RealTime IT News

IE Workarounds For Zero-Day Exploit

Zero-day exploits are among the most traumatic events on the IT security landscape because they come without warning and by definition have no fix.

With the specter of such an exploit budding on Friday by a French security firm claiming that it found such an exploit in Microsoft's Internet Explorer, Microsoft quickly issued an advisory with workaround information.

French security firm FrSIRT titled the exploit, "Microsoft Internet Explorer "Msdds.dll" Remote Code Execution Exploit" and publicly posted Proof of Concept code on its Website in order to backup its claim.

An FrSIRT spokesperson told internetnews.com that an anonymous researcher who sent the exploit to FrSIRT first discovered the vulnerability.

FrSIRT did not first alert Microsoft about the vulnerability, which Microsoft does not consider to be responsible disclosure.

"We continue to encourage responsible disclosure of vulnerabilities," Microsoft's advisory on the issue states. "We believe the commonly accepted practice of reporting vulnerabilities directly to a vendor serves everyone's best interests. This practice helps to ensure that customers receive comprehensive, high-quality updates for security vulnerabilities without exposure to malicious attackers while the update is being developed."

FrSIRT's spokesperson explained that the researcher who discovered the issue decided to publicly disclose it. In accordance with FrSIRT's disclosure policy, the firm verified the information and then published the exploit on the FrSIRT website.

Microsoft Security Advisory (906267) said Microsoft is investigating the issue and is currently unaware of any attacks using the exploit.

The advisory explains that the Msdds.dll COM object, when called from a Web page viewed with IE could case IE "to unexpectedly exit."

"This condition could potentially allow remote code execution if a user visited a malicious Web site," the advisory states. "This COM Object is not marked safe for scripting and is not intended for use in Internet Explorer."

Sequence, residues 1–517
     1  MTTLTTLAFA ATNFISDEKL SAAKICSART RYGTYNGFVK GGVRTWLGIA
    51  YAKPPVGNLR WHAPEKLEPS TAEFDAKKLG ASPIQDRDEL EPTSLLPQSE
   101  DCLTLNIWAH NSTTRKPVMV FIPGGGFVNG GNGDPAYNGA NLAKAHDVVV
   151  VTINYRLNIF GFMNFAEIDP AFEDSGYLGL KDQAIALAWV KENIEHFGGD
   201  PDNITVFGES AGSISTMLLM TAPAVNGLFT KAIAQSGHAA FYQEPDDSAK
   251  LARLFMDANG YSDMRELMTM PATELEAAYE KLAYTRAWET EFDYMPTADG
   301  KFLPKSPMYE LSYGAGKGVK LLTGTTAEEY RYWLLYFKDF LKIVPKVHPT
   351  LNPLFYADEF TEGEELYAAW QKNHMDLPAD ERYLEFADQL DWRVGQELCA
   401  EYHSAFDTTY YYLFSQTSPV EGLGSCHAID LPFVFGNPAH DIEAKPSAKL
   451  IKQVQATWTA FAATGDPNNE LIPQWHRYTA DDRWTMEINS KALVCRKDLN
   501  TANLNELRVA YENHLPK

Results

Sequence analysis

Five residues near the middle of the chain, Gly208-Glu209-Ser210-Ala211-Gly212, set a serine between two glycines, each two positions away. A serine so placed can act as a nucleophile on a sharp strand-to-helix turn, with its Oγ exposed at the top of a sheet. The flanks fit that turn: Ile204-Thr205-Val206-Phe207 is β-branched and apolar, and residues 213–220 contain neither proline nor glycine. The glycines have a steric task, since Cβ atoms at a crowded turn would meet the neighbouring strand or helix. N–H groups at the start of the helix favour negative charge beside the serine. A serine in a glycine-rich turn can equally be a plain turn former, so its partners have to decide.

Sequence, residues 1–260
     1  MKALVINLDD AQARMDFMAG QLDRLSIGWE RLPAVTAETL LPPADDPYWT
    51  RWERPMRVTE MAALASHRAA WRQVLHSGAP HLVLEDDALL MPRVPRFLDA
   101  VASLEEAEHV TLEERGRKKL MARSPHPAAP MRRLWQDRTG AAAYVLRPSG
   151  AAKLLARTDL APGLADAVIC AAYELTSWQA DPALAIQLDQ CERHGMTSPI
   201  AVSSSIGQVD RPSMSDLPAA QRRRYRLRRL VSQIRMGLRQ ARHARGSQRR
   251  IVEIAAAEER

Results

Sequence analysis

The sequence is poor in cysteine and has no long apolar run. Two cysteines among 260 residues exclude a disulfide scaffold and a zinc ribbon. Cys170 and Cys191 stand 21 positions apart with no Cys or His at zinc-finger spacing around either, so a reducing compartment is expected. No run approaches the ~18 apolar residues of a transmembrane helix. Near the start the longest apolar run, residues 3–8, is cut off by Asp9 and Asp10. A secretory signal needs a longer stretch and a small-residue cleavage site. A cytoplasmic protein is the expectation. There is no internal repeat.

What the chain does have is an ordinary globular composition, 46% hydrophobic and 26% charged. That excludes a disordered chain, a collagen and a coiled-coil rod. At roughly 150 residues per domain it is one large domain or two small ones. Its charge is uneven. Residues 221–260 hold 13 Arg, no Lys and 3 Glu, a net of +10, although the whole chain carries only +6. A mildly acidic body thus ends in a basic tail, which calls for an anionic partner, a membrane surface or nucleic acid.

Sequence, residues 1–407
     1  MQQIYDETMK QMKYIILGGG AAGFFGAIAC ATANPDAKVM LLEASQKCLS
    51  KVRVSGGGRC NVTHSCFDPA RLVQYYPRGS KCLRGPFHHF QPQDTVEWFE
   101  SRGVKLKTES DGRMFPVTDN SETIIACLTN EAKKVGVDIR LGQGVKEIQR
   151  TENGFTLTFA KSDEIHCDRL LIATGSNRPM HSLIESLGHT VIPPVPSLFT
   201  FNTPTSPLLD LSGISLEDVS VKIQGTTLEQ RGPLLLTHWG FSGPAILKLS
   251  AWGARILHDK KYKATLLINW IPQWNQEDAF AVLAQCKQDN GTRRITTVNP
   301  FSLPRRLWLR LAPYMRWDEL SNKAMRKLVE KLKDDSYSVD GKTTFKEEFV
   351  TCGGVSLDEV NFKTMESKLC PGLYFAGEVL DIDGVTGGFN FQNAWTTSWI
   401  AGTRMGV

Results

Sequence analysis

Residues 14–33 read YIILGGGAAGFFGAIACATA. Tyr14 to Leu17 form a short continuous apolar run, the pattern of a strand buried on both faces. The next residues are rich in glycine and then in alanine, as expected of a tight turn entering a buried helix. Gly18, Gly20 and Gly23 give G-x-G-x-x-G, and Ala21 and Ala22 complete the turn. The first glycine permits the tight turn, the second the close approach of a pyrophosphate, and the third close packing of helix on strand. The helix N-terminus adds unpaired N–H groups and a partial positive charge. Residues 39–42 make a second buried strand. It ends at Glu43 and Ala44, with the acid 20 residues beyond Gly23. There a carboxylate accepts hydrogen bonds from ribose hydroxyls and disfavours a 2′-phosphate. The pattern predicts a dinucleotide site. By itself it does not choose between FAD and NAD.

In fact, in the mitigating factors section of Microsoft's advisory, the company said only IE users with the affected COM object (Msdds.dll versions 7.0.6064.9112 and 7.0.9466.0) are vulnerable.

According to a US-CERT advisory on the issue (http://www.kb.cert.org/vuls/id/740372) IE users that have Visual Studio .NET 2002 installed on their systems are the users that are likely at risk. The at risk version of Msdds.dll does not ship with Microsoft Windows and is not part of Microsoft Office either.

Microsoft has offered a number of workaround in its advisory to further mitigate risk. Those workarounds include:

  • Set Internet and Local intranet security zone settings to "High" to prompt before running ActiveX controls in these zones;
  • Change your Internet Explorer to prompt before running or disable ActiveX controls in the Internet and Local intranet security zone;
  • Disable the Microsoft DDS Library Shape Control (Msdds.dll) COM object from running in Internet Explorer;
  • Unregister the Msdds.dll COM Object;
  • Modify the Access Control List on Msdds.dll to be more restrictive